SMART Research: Towards interdisciplinary river science in Europe
Frontiers in Environmental Science
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Interdisciplinary science is rapidly advancing to address complex human-environment interactions. River science aims to provide the methods and knowledge required to sustainably manage some of the planet’s most important and vulnerable ecosystems; and there is a clear need for river managers and scientists to be trained within an interdisciplinary approach. However, despite the science community’s recognition of the importance of interdisciplinary training, there are few studies examining interdisciplinary graduate programmes, especially in science and engineering. Here we assess and reflect on the contribution of a 9-year European doctoral programme in river science: ‘Science for MAnagement of Rivers and their Tidal Systems’ Erasmus Mundus Joint Doctorate (SMART EMJD). The programme trained a new generation of 36 early career scientists under the supervision of 34 international experts from different disciplinary and interdisciplinary research fields focusing on river systems, aiming to transcend the boundaries between disciplines and between science and management. We analysed the three core facets of the SMART programme, namely: (1) interdisciplinarity, (2) internationalism, and (3) management-oriented science. We reviewed the contents of doctoral theses and publications and synthesised the outcomes of two questionnaire surveys conducted with doctoral candidates and supervisors. A high percentage of the scientific outputs (80%) were interdisciplinary. There was evidence of active collaboration between different teams of doctoral candidates and supervisors, in terms of joint publications (5 papers out of the 69 analysed) but this was understandably quite limited given the other demands of the programme. We found evidence to contradict the perception that interdisciplinarity is a barrier to career success as employment rates were high (97%) and achieved very soon after the defence, both in academia (50%) and the private/public sector (50%) with a strong international dimension. Despite management-oriented research being a limited (9%) portion of the ensemble of theses, employment in management was higher (22%). The SMART programme also increased the network of international collaborations for doctoral candidates and supervisors. Reflections on doctoral training programmes like SMART contribute to debates around research training and the career opportunities of interdisciplinary scientists.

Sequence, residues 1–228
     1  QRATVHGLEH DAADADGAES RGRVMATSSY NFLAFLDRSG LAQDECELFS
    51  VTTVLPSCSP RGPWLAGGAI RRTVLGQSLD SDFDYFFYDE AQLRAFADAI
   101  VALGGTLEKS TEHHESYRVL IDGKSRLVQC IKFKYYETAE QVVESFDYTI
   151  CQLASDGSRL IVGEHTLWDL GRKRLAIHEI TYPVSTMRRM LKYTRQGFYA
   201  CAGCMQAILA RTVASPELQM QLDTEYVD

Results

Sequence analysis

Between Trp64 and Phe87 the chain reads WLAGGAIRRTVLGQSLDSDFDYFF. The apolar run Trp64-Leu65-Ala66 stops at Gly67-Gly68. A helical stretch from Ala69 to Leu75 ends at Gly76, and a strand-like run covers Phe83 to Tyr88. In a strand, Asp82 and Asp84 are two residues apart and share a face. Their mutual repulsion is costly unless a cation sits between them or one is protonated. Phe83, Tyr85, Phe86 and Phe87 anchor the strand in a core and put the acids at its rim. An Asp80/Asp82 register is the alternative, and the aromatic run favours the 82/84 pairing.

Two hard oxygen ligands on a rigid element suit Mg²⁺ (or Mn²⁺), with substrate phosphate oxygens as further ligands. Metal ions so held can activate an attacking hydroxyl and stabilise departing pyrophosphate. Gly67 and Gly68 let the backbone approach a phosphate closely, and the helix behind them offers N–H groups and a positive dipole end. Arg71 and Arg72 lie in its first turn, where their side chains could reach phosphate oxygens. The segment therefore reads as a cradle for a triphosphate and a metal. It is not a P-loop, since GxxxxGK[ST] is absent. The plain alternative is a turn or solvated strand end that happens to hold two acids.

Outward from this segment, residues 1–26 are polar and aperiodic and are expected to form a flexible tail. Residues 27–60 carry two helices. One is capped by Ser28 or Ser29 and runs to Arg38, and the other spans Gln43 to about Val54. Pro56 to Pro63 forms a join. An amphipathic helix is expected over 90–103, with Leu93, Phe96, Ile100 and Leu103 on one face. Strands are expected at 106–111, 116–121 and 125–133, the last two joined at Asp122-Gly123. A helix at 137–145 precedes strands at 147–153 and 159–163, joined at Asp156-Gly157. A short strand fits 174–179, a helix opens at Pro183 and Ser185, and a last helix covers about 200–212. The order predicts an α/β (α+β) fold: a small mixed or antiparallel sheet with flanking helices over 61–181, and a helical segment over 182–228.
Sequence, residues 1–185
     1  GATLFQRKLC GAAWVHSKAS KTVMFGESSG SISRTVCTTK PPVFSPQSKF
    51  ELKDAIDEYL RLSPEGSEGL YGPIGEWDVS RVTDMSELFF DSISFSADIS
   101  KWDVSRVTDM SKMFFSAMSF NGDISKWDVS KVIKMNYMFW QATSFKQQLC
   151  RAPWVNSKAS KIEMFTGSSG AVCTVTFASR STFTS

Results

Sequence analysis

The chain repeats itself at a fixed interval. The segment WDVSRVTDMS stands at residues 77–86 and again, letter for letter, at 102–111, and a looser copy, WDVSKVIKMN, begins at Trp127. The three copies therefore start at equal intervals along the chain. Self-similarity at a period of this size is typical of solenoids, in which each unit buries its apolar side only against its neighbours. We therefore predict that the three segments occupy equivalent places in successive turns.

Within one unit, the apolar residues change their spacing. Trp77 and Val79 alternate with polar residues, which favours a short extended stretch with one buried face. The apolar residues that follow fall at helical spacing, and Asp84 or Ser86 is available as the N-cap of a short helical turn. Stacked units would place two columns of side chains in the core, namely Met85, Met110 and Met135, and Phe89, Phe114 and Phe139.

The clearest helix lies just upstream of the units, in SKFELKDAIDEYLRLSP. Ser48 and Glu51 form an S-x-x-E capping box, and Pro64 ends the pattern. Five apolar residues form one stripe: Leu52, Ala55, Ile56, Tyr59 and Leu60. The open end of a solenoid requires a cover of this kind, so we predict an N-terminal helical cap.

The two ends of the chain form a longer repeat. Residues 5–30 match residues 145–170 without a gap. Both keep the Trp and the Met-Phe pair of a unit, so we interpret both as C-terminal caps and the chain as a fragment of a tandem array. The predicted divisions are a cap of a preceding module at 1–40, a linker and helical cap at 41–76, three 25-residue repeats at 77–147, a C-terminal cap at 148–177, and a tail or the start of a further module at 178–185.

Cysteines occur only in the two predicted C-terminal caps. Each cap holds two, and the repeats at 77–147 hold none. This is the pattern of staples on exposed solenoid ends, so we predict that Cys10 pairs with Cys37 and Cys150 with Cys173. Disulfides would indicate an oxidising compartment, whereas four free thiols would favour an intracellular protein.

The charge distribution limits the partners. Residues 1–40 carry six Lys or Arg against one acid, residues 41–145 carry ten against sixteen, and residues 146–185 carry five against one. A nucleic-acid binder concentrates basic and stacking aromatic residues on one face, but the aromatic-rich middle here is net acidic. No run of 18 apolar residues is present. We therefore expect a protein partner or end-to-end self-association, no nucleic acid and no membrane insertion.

AuthorsSerlet, AJ; López Moreira M, GA; Zolezzi, G; Wharton, G; Hölker, F; Gurnell, AM; Tockner, K; Bertoldi, W; Bruno, MC; Jähnig, SJ
- Geography 
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